These Part 1 systems can be extensions of the existing Part 6 installation in the communal areas, or a standalone system. They will result in immediate cost savings of several thousand pounds per month compared to Waking Watch, so it makes sense to get them installed as quickly as possible. Using wireless fire devices, such as those manufactured by Hyfire, it’s possible to design, specify and install a system in a very short time. The installation itself can be done in a few minutes, with the devices pre-programmed offsite, which helps to limit contact with residents, while the lack of wiring means there is no need to ‘make good’ after the installation.

Longer-term goals

While a Part 1 system is the short-term solution, it is not the long-term standard. Despite Grenfell, experts continue to believe that a building-wide alert is not the optimum solution for any high-rise structure, as it could lead to uncontrolled evacuation attempts, clogging up the single staircase and preventing firefighters from getting to the fire incident. For this reason, the mandated solution is a Part 6 fire system combined with a BS8629-compliant evacuation control system. The latter introduces a single control point to manage remote alerts to each residential unit, in place of the historical method of organising an evacuation, which quite literally involved firefighters knocking on doors and telling residents to get out.

The good news is that investment in a temporary Part 1 system need not be wasted once the building is brought up to standard and returned to a Part 6 standard, focused on communal spaces, lift shafts, staircases and service areas. Provided that any wired elements are fitted with two-hour fireproof cable, as opposed to the one-hour mandated for a Part 1 fire system, the wireless devices can be repurposed as part of the BS8629-compliant system, thereby removing the need for a second full installation.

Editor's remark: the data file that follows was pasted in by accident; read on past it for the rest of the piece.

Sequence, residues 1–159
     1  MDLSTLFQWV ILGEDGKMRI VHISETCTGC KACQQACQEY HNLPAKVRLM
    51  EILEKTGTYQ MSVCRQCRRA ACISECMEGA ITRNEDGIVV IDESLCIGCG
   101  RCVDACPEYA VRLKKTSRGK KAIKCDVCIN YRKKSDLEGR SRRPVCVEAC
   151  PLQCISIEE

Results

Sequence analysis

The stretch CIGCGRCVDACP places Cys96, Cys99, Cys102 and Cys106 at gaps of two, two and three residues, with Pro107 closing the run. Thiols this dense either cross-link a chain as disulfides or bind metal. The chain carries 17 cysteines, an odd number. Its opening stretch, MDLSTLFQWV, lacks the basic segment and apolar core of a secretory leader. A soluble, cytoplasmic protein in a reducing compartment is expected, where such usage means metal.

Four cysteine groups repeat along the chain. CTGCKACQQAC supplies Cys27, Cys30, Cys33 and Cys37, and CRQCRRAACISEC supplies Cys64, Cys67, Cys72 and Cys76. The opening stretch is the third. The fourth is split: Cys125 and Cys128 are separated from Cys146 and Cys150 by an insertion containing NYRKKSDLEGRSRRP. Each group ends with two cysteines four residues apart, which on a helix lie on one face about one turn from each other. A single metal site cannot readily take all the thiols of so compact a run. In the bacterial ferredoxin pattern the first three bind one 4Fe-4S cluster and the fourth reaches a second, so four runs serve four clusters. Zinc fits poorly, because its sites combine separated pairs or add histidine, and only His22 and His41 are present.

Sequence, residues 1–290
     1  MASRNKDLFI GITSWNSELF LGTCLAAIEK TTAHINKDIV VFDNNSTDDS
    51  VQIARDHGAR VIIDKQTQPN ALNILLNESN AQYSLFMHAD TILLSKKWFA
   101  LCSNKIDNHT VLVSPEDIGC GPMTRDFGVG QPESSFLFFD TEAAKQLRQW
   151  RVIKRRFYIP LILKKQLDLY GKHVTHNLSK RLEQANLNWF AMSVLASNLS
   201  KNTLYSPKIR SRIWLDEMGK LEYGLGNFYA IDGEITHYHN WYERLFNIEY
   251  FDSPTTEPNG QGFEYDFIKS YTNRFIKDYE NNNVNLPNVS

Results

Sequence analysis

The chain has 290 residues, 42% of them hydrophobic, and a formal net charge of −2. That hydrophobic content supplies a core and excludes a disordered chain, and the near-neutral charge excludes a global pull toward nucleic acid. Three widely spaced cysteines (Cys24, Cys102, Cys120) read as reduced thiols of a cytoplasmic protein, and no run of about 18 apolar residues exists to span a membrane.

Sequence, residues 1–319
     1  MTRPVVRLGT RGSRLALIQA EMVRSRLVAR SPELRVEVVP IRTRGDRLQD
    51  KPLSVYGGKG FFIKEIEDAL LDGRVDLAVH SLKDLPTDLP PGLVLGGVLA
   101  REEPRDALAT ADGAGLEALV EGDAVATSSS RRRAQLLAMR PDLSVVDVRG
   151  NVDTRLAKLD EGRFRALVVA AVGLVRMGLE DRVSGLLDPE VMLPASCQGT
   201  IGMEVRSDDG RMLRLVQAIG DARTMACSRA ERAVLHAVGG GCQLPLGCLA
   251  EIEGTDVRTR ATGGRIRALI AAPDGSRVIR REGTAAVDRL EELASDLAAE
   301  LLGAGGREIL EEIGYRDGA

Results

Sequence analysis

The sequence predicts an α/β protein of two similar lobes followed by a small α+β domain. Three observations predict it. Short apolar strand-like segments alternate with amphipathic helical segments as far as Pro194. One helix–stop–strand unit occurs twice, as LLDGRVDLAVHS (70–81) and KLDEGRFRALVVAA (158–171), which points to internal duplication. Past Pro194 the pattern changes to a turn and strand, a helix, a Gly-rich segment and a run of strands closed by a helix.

Looking to the future

The FSB is not going to solve the problems of the post-Grenfell era overnight, but it does at least give our industry clear direction on the future of fire regulation and safety in high-rise residential buildings. It is a foundation for further new laws, which are likely to include the writing of BS8629 into legislation in England and Wales, as it already is in Scotland. There are problems with the FSB, such as question marks over who should pay for cladding rectification, but from the point of view of fire professionals, it provides much-needed clarity.

The government is clearly convinced that the concept of ‘Stay Put’ was not at fault at Grenfell, and given the design of high-rise residential buildings in the UK, it remains the most effective way to effectively organise an evacuation, but only if one is needed. With an average of 20 to 30 high-rise fires in the UK every week, more than 95% of which are contained within the residential unit where they originate, it is clear to see why a full evacuation is undesirable, or even dangerous, in the majority of incidents.

The basic message is not to panic, even if you are in charge of a building that fails the new checks due to compartmentation or other defects. With wireless technology, an effective solution is within reach and, with clarification on the future of fire standards for high-rise residential finally provided by the FSB, we now have an end goal to move out of the post-Grenfell era and restore public trust in the fire industry.